9 Answers | Add Yours
I agree that there are many different issues one could study in regards to latch-key children. Keeping the wonderful suggestions above, I would also suggest that you could examine different areas and the behaviors seen by the children located in these areas (rural and urban).
Another point you might want to include is the change of context. In the past there were many more kids left at home. Bow it seems that the world has changed very few kids are left at home. Is this due to a world that is worse? Or is this due to a greater sense of fear? Does the media have a role to play in creating fear? In particular, the role of perceived fear might be an interesting angle.
My experience was very similar to that of bullgatortail, except that it was my dad who passed away early. Being a latch-key kid can sometimes make you more appreciative of how hard your parent(s) work(s). Few people leave their kids at home simply to go out and enjoy themselves (at least this is what I would like to think).
Here are some links that may be helpful to you:
For an argumentative essay, you might want to argue for or against the idea of schools or community organizations developing after-school programs so latch-key children don't have to go home to empty houses. As a former director of such a program, I can attest that planned activities, shared with caring adults and other kids, can be a constructive and profitable way to fill the hours until parents are done working. There is lots of research to support the increase in juvenile delinquency episodes in the after-school hours - when latch-key children lacking in supervision may become involved in undesirable pursuits.
As a former latch-key child myself (my mother died when I was 14), I came home from school every day to an empty home where I was left to do my homework by myself or take part in outdoor activities. I made good grades and stayed out of trouble with the law, so I can attest that some children (especially teenagers) are capable of getting by for a few hours by themselves until the parent(s) gets home from work.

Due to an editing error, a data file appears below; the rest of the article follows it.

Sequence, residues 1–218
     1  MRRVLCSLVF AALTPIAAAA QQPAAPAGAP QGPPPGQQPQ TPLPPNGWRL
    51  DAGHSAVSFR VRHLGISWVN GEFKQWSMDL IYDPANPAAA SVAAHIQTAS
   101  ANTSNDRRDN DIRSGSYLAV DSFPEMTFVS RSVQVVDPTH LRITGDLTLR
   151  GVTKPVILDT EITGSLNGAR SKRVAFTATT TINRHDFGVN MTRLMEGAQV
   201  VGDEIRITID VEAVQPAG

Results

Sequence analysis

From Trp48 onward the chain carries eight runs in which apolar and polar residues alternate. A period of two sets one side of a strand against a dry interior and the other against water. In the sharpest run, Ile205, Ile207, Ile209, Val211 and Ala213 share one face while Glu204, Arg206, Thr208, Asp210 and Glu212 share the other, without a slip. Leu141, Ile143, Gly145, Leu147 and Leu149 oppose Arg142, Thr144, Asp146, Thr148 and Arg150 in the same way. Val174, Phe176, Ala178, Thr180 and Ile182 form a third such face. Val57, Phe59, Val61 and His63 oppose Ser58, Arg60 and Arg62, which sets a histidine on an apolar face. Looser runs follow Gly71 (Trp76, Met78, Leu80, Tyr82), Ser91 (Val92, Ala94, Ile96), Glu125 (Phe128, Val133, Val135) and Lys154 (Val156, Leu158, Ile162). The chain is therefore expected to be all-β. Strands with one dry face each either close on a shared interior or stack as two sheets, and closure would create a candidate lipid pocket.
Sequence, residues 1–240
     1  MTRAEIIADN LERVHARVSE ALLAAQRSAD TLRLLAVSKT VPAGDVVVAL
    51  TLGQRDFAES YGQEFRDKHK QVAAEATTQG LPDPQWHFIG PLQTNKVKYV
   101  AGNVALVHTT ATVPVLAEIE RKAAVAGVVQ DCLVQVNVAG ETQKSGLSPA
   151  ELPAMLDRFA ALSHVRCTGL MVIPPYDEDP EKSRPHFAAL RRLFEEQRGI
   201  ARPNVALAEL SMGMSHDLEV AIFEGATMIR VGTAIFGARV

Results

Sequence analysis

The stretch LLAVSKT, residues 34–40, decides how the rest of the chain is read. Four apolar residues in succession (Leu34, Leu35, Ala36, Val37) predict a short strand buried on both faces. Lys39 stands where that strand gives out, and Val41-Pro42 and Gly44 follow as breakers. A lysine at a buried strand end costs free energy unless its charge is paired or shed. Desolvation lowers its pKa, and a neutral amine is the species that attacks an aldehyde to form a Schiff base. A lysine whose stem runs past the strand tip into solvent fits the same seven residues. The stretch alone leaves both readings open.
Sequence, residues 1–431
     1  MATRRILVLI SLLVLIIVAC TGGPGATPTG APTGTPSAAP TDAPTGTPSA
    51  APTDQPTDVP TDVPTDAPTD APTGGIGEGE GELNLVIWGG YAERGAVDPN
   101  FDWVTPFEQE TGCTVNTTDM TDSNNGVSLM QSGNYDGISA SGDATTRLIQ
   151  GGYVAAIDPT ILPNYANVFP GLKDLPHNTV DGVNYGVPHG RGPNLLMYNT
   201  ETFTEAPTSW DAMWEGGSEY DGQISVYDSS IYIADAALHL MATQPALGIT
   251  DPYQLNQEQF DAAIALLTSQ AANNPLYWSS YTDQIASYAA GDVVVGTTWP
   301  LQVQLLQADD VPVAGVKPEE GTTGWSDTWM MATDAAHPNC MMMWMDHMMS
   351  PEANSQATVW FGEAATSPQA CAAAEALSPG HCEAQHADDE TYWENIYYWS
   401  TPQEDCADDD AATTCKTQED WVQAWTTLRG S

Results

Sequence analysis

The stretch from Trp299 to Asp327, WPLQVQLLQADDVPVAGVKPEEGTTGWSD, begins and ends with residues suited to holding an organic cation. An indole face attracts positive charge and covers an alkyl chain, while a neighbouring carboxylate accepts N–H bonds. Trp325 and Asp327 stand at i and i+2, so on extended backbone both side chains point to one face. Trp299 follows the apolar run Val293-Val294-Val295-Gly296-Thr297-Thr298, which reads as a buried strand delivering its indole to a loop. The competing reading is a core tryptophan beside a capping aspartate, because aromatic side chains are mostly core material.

This is difficult because there are so many families who have both parents working just to make ends meet; they don't have much choice other than to trust their kids at home. It is difficult for single parents, too, not only because they don't have other adult helpers, but public school schedules are crazy sometimes. Just this week we had an early out day so we teachers could have meetings while the kids went home. Parents can't just get work off to attend to children who are sometimes out of school for irregular reasons. That's part of the reason I became a teacher; that is, so I could be off work when my little guy was out of school. It was difficult in the beginning, but now that he's older, he can work quietly in my classroom while I'm in meetings. It's certainly a tough discussion.
Some people argue that there is nothing wrong with the system of having latch-key children. They are only left to their own devices for a few hours, at which time they should be getting homework done. I knew many latch-key children when I grew up in a bedroom community. It can be very difficult on both ends.
One area that you could include in your essay is the the legal side of the issue. Research what the law says is the youngest age at which a child can be left alone without adult supervision. This law will likely vary from state to state and may even be different in each municipality. You could then do research on what qualities in a child should be considered before a parent would decide to allow them to be home along for any extended period of time. What do child psychologists say are the markers for that kind of maturity and responsibility?
There's been a lot of research done on this topic. Some people argue that having kids come home to empty houses tends to lead to them having problems with discipline and with feeling loved. It may also be a frightening experience for them if they are not old enough. Here is a link to get you started.
We’ve answered 319,675 questions. We can answer yours, too.Ask a question